- Learning from The Lone Ranger
Though it will come as a surprise to many, my favorite short story collection after all this time is still Sherman Alexie's The Lone Ranger and Tonto Fistfight in Heaven (1993). When I decided to write this, I had fully come to understand the import of what the author had given to me. Even though the book had been so fundamental to my development as a writer, I decided I would not teach his book again, not until he is gone—he was not allowed to take that beauty from me. My history, and it is the history of so many female writers, is intertwined with his. Lone Ranger doesn't have the crisp brutality and poetry of Diaz's Drown (1996) (yet another writer whose behavior has come to light), nor the impeccable polish of Lahiri's Interpreter of Maladies (1999). But there are stories that you can't get over, that are exploding with beauty, stories that haunt me and have for twenty years. Set in urban areas and on the reservation, The Lone Ranger and Tonto Fistfight in Heaven is a brilliant, gritty collection of short stories that was originally based on a dream of Alexie's, during a time in his early twenties when he was a heavy, heavy drinker.
Let's look at one of my favorite stories from this collection, "Jesus Christ's Half-Brother is Alive and Well on the Spokane Indian Reservation." Just the title alone is a poem. It's about a baby who is really the narrator who is really the author who was born with a defect (he clues us in on this the by telling us that the baby was born in 1966—the year of Alexie's birth). The narrator is trying to take care of the baby, but he's failing. Here's a selection from this story, which formally could easily be called experimental, though I rarely hear that word when Alexie is spoken about.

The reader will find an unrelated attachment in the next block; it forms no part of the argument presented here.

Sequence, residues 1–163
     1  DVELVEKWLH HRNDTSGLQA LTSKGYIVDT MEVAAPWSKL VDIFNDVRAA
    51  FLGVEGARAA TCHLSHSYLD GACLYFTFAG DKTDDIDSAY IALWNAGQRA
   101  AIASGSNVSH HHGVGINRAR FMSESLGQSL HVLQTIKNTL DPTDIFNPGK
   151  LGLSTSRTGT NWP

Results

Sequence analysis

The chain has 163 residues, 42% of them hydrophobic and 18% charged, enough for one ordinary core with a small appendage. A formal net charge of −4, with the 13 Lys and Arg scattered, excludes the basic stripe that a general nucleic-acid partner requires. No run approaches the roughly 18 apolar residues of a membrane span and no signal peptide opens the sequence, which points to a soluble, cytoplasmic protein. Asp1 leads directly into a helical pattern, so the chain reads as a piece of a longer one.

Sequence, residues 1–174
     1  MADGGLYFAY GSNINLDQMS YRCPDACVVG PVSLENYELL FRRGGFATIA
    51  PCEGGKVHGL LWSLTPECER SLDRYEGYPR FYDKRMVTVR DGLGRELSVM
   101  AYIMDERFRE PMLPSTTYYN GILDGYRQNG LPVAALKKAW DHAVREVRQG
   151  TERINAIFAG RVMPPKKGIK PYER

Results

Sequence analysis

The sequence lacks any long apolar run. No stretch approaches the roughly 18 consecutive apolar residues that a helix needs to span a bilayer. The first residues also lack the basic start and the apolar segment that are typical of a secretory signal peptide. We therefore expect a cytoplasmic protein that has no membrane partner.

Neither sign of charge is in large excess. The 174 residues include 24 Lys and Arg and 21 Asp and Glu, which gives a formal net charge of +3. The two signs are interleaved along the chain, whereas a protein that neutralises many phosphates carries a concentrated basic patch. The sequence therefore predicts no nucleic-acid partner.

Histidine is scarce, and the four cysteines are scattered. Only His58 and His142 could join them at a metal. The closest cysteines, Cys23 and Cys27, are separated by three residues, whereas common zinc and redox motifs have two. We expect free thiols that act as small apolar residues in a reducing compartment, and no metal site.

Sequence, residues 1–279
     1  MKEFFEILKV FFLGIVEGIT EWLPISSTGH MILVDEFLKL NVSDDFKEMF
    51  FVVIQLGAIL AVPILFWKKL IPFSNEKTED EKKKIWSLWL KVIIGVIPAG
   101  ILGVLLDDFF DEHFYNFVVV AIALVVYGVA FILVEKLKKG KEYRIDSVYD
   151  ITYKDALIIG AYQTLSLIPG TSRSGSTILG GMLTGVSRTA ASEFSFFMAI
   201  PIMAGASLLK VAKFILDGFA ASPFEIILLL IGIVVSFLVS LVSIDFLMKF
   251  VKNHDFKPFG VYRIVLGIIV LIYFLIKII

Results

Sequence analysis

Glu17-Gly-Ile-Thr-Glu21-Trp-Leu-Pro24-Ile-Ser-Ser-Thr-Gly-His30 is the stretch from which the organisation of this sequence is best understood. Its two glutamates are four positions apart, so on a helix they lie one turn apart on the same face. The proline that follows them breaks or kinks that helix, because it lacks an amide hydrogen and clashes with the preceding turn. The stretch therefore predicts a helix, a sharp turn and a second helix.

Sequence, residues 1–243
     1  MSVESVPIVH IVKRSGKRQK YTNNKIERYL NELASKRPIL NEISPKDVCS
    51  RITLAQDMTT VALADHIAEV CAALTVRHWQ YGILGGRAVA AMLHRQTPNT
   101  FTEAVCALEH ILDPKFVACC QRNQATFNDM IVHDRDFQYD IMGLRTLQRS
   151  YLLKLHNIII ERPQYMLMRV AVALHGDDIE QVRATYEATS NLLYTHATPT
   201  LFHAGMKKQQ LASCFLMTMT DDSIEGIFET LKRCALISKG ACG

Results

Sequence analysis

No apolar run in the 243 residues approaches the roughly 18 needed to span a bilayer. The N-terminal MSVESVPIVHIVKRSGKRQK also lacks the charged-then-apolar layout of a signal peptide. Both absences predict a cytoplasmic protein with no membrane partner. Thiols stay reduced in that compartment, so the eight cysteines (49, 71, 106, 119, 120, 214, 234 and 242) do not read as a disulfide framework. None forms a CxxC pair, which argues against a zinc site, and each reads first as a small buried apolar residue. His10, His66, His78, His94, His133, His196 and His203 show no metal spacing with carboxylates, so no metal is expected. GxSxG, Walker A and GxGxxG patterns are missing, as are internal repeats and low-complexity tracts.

Jesse WildShoe died last night and today was the funeral and usually there's a wake…we buried Jesse right away and dug the hole deep because Jesse could fancy dance like God had touched his feet…I don't know anything about religion and I don't confess my sins to anybody except the walls and the wood stove and James who forgives everything like a rock…One night I get so drunk I leave him at somebody's house and forget all about him…The tribal police drag me into the cell for abandonment and I'm asking them who they're going to arrest for abandoning me…I've got the DTs so bad…my shoes squeal and kick and pull me down into the dead pig pit of my imagination. Oh Jesus I wake up on the bottom of that mass grave with the bones of generations of slaughter…like the heroin addict said I just want to be pure.
I don't mean to make a tragic hero out of a cold predator, but everyone who reads this can understand these lines the way that I have for years and years. That's the thing about Alexie: he's capable of such brilliance and pain and tremendous cruelty. This story is a killer, and there are enough of them in this collection to make the whole thing sing. Parts of it are funny, but I like the pieces that are strange, that do too much, that look and sound a bit like poetry, where he started. This collection, for whatever that has meant for me as a writer, is where it started for me, where I realized that all I had to do was write poetically and imaginatively about my world, whether that's about growing up urban and Indian outside of Denver, or about aliens. I'll always be grateful to this collection for singing to me at exactly at the right time, and now I can finally rest with the words without anything else crowding in. [End Page 14]
Erika T. Wurth's published works include a novel, Crazy Horse...